SAN FRANCISCO — Cesar Aldea Jr. calls himself a dancing fool. And maybe he is right. After all, he likes to dance with machines.
At an arcade on a recent weeknight at this city's teen mecca, the Metreon mall, Aldea prepares to pair off with his toughest partner: Konami Co.'s "Dance Dance Revolution" game. Looking at the 8-foot-tall machine adorned with flashing pink and yellow lights, the 28-year-old office temp worker scrunches his shoulders up and down to relax himself before paying $4 for a five-dance sprint.
Aldea is one of the growing number of young people captivated by DDR, the latest arcade phenomenon that some in the industry dub "karaoke for feet." To win, players need to correctly execute at least 70 percent of the dance steps they see on the computer screen. Colored arrows on the screen indicate the steps: Two blue arrows pointing to the left, for example, mean players have to tap their left foot twice on the blue arrow on the platform they are standing on.
As the techno tune "Paranoia" kicks in at 180 beats a minute, Aldea tries to match the screen with his fast-moving feet.
His blond-streaked bangs fly as he stomps his feet and twists his hips, the former breakdancer in him emerging. A male voice from the machine eggs him on with comments like "Wow! How could you make up a dance like this?" and, when Aldea misses a step, "Stay cool."
Despite his dexterity, the word "FAILED" flashes in his face at the end of the one-minute routine. Aldea missed half of the 275 possible dance steps proffered by his immobile partner.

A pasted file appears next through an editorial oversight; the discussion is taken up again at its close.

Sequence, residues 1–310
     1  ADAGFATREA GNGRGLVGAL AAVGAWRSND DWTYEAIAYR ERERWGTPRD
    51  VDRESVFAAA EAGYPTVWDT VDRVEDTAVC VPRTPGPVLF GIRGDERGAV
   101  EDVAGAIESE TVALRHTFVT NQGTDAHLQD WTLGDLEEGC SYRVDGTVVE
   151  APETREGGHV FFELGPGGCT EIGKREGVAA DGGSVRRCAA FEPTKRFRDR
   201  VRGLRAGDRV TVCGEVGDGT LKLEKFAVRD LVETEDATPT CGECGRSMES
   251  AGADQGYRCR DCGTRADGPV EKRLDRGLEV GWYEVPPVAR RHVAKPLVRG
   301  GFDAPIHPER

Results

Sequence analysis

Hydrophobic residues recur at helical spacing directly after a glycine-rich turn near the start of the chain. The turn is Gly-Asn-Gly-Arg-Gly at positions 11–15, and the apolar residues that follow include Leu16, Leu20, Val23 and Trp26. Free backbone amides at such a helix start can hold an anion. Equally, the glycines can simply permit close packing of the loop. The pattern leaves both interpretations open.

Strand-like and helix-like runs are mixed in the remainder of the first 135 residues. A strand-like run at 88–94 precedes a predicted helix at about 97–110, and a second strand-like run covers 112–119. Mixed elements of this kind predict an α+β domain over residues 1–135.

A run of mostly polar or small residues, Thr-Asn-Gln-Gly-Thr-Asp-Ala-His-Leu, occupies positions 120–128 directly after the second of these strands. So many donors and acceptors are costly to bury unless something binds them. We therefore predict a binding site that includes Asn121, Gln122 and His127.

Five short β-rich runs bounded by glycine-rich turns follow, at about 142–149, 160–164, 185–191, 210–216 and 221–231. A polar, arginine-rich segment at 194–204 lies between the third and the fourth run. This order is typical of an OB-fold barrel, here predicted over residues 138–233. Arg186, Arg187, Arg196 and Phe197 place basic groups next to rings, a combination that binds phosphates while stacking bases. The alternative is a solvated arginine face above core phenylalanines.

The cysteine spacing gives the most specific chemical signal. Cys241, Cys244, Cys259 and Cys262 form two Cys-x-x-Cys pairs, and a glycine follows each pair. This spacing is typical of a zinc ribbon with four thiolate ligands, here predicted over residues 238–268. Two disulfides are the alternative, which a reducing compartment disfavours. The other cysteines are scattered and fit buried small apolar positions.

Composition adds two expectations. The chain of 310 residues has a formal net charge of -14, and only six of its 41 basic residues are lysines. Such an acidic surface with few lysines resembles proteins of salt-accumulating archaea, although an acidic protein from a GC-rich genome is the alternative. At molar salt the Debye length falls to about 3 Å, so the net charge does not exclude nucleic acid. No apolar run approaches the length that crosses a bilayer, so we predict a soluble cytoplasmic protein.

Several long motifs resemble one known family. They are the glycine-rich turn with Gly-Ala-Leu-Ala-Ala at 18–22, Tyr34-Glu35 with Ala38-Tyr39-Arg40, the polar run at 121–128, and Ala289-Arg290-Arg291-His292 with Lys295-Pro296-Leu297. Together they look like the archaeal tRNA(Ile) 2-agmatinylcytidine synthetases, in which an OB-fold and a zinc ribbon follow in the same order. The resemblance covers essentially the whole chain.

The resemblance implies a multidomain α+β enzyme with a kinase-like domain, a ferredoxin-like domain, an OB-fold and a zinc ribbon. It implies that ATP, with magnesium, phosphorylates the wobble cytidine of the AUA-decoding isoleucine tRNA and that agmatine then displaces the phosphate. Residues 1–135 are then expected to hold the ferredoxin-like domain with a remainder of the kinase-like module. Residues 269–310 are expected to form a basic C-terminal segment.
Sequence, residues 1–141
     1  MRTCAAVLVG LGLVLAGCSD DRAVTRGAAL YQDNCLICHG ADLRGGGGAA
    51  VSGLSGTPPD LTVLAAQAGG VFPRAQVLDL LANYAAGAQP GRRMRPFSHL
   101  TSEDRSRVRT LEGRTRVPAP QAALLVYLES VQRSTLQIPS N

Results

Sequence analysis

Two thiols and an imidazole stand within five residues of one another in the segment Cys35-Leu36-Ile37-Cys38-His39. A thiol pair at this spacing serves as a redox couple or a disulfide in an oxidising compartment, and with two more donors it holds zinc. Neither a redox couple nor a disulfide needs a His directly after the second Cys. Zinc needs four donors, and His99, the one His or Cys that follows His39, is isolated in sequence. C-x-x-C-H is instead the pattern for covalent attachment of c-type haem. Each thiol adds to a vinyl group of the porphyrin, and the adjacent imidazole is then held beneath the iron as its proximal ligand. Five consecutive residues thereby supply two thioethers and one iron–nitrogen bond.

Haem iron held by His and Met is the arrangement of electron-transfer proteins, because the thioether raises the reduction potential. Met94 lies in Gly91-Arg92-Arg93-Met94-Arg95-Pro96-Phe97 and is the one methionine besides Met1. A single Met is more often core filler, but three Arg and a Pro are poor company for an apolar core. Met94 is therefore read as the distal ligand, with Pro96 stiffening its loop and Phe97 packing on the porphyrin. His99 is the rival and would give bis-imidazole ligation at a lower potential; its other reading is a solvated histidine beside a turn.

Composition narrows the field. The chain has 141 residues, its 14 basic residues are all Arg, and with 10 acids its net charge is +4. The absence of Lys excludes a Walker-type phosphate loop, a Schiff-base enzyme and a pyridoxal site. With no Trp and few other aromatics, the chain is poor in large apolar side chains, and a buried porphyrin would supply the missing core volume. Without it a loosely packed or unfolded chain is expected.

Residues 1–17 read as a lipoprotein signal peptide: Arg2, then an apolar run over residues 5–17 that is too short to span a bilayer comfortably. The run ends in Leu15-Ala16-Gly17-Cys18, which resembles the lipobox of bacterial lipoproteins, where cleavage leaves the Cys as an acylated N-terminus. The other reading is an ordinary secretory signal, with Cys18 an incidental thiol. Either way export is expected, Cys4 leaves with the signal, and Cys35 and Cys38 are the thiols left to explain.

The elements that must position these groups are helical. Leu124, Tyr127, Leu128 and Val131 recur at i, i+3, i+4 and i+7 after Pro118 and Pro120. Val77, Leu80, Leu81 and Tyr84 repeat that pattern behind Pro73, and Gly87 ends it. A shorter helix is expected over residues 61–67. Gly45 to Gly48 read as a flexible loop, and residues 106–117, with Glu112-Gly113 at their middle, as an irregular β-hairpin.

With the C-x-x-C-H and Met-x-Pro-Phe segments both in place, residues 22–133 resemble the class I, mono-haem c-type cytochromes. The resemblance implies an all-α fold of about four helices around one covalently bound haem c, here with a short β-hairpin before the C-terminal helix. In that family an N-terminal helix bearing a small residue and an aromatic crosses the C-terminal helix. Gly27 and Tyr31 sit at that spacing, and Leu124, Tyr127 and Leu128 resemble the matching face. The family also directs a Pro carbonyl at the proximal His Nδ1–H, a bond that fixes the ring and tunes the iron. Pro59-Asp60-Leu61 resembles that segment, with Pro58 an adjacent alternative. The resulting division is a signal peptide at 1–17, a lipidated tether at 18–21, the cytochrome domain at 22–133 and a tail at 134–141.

Unfazed, he basks in applause from onlookers who have gathered to watch his energetic routine. "It's the ultimate showoff game," he shrugs.
The DDR craze is catching on in the United States nearly two years after Konami introduced the game in Japan. There, it enthralled the teen set and inspired arcades to fill entire floors exclusively with dance machines.
In the United States, arcades ranging from Seattle's GameWorks to the Southern Hills Golfland in Stanton, Calif., have sponsored tournaments in which players face down the dance machine for a chance to take home cash, color televisions, portable compact disk players and other prizes.
Fan clubs are popping up, such as North Cal DDR, a coterie of some 40 die-hard players who meet at the Metreon and other Bay Area arcades each week to play the game. Members wear matching T-shirts when they travel together to competitions, and the group runs a Web site called "DDR Freak."
The site brims with details on members' favorite game songs and arcades that feature DDR. ("Plenty of room around it for crowds," reads a comment on one arcade. "There's a fan on the ceiling to cool you down while you dance," another adds).
To date, Konami has sold a "triple-digit" number of DDR machines in the United States and Canada, a company spokeswoman says. Their $15,500 price tag makes them one of the most expensive arcade games on the market.
Still, the company has machines on back order and is awaiting a third shipment from Japan, where the machines are assembled. A new version of the game — called Dance Dance Revolution U.S.A. Mix that can be installed on existing machines with a $2,500 software upgrade kit — is scheduled to hit the United States in September.
DDR has been a boon to arcades, which have faced steep competition from the Internet. The number of arcades nationwide has shrunk to an estimated 4,000 this year from about 5,000 in 1995 amid an industry consolidation. The game has helped double the number of customers at Southern Hills Golfland, for example, which installed DDR last year.
"This one took a life of its own," says John Bailon, assistant manager at the arcade.
He said he was skeptical that DDR would take off in the United States when he first saw it at a 1998 trade show. But since the arcade bowed to player demand and installed DDR in May 1999, the machine has collected $40,000 worth of tokens. Southern Hills has already ordered the new version of the game.
Via Associated Press